Posted in: Odd News

Candy Cigarettes Land Minnesota Shop Owner In Hot Water

Lynden's Soda Fountain

St. Paul, MN – A shop owner found herself facing a $500 citation by authorities if she continued to sell candy cigarettes and cartoon lighters in her store.

Although the tiny sticks of sugar were once popular with children, many states have sought to ban the items from reaching the sales counter. According to The Associated Press, Lynden’s Soda Fountain owner Tobi Lynden was selling the treats quite steadily until government officials threatened her with a fine.

To stay in good graces with authorities, Lynden decided to remove the offending products from her store shelves. While she doesn’t necessarily agree with the ordinance, complying with demands is much easier than battling a $500 citation.

The St. Paul ordinance also prohibits the sale of candy cigars and bubble gum made to look like chewing tobacco. Although the store has carried these items since it opened in April, Lynden says she has since pulled the offending items from the racks.

“We had no idea. We don’t want to get on the bad side of St. Paul,” Lynden told the Star Tribune. “We weren’t trying to promote smoking or tobacco use of any kind.”

While most government officials don’t wander the landscape in search of stores selling candy cigarettes, Lynden said a customer complaint brought authorities to her door. In order to escape the misdemeanor citation, Lynden said she was forced to remove the products.

In her defense, the Lynden’s Soda Fountain owner said that almost all of the purchases of the sugary contraband were made by adults who enjoyed the treats when they were kids.

“We’re a tiny little soda fountain shop that specializes in vintage candies and vintage sodas. We never had any issues with it. People were always happy to see them,” Lynden explained to CBS Minnesota.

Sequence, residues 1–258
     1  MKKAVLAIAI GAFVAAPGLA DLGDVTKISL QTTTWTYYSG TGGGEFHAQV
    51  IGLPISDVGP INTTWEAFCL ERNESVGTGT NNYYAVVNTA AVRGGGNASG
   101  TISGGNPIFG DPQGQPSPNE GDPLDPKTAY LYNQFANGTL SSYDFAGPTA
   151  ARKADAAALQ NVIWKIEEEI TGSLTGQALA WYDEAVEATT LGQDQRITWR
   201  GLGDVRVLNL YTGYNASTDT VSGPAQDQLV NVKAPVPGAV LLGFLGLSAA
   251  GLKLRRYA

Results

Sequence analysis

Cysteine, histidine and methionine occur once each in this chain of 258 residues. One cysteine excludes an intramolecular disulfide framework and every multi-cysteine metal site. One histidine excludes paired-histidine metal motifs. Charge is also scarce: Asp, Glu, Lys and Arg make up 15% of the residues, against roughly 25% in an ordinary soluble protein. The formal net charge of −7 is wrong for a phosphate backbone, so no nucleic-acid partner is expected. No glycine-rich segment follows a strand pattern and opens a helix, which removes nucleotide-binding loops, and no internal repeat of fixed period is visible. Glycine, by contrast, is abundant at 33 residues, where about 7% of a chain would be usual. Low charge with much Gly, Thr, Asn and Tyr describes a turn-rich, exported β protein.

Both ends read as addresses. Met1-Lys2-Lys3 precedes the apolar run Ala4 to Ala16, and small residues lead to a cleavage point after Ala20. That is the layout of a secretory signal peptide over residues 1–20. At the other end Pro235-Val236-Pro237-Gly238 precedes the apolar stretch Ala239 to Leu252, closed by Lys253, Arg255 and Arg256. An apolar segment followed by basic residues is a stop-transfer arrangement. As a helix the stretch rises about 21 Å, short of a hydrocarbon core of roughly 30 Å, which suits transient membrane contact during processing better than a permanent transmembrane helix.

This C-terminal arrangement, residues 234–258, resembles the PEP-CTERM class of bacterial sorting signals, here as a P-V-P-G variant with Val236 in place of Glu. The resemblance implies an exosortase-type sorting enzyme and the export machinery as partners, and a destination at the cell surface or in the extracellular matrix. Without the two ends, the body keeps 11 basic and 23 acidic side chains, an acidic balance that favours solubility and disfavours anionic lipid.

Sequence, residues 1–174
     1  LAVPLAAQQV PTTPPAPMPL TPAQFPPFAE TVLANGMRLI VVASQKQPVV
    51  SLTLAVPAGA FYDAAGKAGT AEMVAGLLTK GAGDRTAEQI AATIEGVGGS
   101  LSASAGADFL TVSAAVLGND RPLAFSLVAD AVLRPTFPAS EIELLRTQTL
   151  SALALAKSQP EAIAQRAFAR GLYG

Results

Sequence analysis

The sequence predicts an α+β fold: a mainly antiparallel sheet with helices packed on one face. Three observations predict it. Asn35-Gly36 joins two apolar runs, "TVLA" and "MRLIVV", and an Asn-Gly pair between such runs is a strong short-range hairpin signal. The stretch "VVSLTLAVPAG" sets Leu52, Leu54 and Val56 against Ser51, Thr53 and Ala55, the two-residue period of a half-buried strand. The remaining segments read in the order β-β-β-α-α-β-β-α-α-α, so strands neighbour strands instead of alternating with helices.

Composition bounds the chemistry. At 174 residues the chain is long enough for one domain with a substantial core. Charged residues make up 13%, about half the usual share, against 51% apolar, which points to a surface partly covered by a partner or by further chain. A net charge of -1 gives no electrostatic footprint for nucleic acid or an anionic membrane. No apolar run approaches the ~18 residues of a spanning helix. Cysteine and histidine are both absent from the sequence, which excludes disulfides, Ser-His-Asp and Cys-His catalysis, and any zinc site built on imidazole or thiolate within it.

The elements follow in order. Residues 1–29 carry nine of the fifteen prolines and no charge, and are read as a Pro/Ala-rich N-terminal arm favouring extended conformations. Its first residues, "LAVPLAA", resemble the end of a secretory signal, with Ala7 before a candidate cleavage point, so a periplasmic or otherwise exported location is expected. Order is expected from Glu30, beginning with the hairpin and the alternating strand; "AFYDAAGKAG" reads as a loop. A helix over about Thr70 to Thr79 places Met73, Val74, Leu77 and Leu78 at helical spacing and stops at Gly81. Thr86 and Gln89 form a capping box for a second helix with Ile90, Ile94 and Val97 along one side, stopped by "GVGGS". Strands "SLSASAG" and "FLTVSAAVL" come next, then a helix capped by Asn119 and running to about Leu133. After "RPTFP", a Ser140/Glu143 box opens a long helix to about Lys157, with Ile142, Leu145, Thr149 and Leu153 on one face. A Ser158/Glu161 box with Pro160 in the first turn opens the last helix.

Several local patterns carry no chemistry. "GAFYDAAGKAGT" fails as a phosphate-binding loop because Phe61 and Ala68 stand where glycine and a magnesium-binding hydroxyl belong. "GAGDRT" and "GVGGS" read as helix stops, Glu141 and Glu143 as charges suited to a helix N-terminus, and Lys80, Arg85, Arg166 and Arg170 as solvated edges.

The St. Paul ordinance against such potentially offensive treats was spearheaded by a group of teenagers working alongside the Association for Nonsmokers-Minnesota. The organization spends quite a bit of time lobbying against tobacco products.

While demand is still there, Lynden said she has no choice but to refuse sale of candy cigarettes to anyone with a need to puff on a stick of sugar.

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Comments

11 Responses to “Candy Cigarettes Land Minnesota Shop Owner In Hot Water”

  1. Heather Johnson

    "The organization spends quite a bit of time lobbying against tobacco products." Hey, members of the Association for Nonsmokers-Minnesota, sugar isn't a tobacco product. Why don't you use your time and effort to fight actual tobacco products.

  2. Joel Antkowiak

    Weak minds in office make for some really ridiculous laws being made just because of a little pressure from a few morons.

  3. James K Young

    ok so if its adults who are buying most of the candy cigs-then why not put up a sign "must be 18 or older to buy candy cigarettes cigar gum or big league chew-man what's the world coming to-? I loved these as a kid and I don't smoke and never did but for a few times to check it out-i dident like real smoking-let the kids be kids-they grow up way to fast these days-is there anything to be left for future generation? or are we going to outlaw everything we may not like till its all a bunch of tastless colorless useless nothing-but…. its legal

  4. Rodney Belair

    If I had a spare $500 I would mail it to her to keep them on the shelf…
    Mail me some so I can give them to my grandkids please…

  5. Mary Green Karr

    I enjoy the candy sticks. After all, they already eliminated the red spot on the end. If they weren't in the look-a-like boxes, no one would even think twice.

  6. Bill Boyd

    What nut jobs. Although the program at CDC I worked for provided smoking-cessation funds to several regional organizations, their staff had a droll sense of humor; they loved it when I supplied candy cigarettes at the national grantee meeting my program hosted.